Oh, sure, state Sen. Joey Brush, R-Appling, gets picked on a lot for some of his legislation - it's hard not to roll your eyes when you see a state official, year after year, trying to change the law so he can ride a motorcycle without a helmet.
But you gotta give him points for persistence - and not just for those motorcycle laws.
For the fifth time, Brush is pushing a bill that would end lawmakers' promiscuous practice of naming public structures after their colleagues and the well-connected. Under Brush's bill, which has already received unanimous approval in the Senate Ethics Committee, public structures couldn't be named after politicians unless the person was either out of office five years or dead.
We'd prefer both - dead, and five years out of office. But as Brush has found, his colleagues love to bask in the glow of naming things after their political cronies, especially those who are still alive to repay the favor. As a result, Brush's bill in years past hasn't gotten beyond the Democrat-controlled Georgia House.
But this isn't just a matter of buddy-to-buddy slaps on the back. Especially in a time of tight budgets, it's a money matter, too. According to The Atlanta Constitution, Georgia has spent $1.25 million to dedicate 197 roads and bridges in recent years; some 500 facilities in the state are named after various public officials and famous Georgians.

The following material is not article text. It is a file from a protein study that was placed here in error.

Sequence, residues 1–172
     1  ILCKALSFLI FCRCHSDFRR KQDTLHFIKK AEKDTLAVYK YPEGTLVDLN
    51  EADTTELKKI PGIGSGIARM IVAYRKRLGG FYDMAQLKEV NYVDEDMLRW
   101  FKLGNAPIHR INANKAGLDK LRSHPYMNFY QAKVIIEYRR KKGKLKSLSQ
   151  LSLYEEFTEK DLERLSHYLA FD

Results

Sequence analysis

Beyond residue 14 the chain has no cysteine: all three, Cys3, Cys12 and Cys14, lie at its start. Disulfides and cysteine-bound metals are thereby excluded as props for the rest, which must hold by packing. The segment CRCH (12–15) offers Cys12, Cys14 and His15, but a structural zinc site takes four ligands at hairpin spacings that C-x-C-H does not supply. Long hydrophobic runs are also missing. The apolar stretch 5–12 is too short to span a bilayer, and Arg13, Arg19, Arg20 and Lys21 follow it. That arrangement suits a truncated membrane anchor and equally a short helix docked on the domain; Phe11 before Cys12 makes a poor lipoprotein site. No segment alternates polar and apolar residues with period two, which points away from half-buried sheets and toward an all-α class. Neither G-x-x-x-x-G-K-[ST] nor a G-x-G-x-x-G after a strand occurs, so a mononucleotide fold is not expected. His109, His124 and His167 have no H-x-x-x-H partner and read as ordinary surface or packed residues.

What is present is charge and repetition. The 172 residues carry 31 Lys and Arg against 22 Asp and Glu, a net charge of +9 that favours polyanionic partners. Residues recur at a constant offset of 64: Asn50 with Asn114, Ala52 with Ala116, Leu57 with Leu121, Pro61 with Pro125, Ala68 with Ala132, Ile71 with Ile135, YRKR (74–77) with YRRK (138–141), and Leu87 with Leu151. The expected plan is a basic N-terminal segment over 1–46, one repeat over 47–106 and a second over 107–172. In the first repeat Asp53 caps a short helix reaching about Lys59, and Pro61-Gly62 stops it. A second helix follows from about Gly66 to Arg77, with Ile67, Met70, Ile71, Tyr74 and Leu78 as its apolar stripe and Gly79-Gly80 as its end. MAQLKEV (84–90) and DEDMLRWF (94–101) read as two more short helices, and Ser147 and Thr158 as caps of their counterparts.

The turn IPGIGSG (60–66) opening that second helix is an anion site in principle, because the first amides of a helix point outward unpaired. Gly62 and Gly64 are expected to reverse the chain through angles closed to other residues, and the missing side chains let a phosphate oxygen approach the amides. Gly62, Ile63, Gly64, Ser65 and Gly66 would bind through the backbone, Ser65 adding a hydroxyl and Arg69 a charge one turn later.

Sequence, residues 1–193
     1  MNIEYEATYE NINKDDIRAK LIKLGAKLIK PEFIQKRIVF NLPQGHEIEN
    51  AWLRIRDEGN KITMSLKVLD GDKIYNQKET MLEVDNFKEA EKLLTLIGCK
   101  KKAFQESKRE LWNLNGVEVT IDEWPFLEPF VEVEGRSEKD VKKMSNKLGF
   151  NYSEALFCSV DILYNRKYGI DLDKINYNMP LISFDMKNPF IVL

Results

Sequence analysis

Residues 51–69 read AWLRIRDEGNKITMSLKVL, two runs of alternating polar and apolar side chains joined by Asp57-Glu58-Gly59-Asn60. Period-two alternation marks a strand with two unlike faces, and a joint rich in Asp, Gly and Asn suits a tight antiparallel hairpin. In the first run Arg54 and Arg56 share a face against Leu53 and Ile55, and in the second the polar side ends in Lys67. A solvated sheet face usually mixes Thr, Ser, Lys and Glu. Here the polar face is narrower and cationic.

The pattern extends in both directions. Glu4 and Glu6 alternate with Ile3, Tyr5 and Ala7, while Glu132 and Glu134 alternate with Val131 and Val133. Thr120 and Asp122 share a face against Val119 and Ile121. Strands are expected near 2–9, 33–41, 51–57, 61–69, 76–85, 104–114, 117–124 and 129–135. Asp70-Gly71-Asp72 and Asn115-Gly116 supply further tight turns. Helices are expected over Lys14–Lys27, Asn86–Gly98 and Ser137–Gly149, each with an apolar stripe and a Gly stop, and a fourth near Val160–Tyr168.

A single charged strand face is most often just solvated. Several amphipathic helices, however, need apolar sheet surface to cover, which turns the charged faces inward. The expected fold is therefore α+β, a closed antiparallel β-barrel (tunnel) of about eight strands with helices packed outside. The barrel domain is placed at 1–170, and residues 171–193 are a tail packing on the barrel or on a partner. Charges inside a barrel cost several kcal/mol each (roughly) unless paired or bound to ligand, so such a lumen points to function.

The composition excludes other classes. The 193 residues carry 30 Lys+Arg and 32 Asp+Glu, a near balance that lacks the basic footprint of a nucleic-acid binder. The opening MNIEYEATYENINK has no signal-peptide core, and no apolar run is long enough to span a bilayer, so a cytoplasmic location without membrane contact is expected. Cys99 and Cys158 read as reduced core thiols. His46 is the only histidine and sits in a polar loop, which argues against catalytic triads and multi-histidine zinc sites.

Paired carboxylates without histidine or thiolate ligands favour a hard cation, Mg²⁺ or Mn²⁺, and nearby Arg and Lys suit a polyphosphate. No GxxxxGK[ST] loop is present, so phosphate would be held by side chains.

How vain can we get?
Are there people who deserve to have buildings named after them? Absolutely. But there should be sensible guidelines to keep the practice from being abused.
The Columbia County School Board wisely passed a policy revision last year that, while still prohibiting the names of individuals from schools, allows worthy names to be attached to such facilities as libraries and lunchrooms. That policy also restricts the naming to those who've been out of public life long enough that they have an actual legacy - not just a history of favors and political longevity.
Maybe for Brush the fifth time around with his bill will finally be the charm - though unfortunately it won't come soon enough to prevent his colleagues from naming River Watch Parkway after ex-state Rep. Jack Connell while he's still alive, and just three months out of office.
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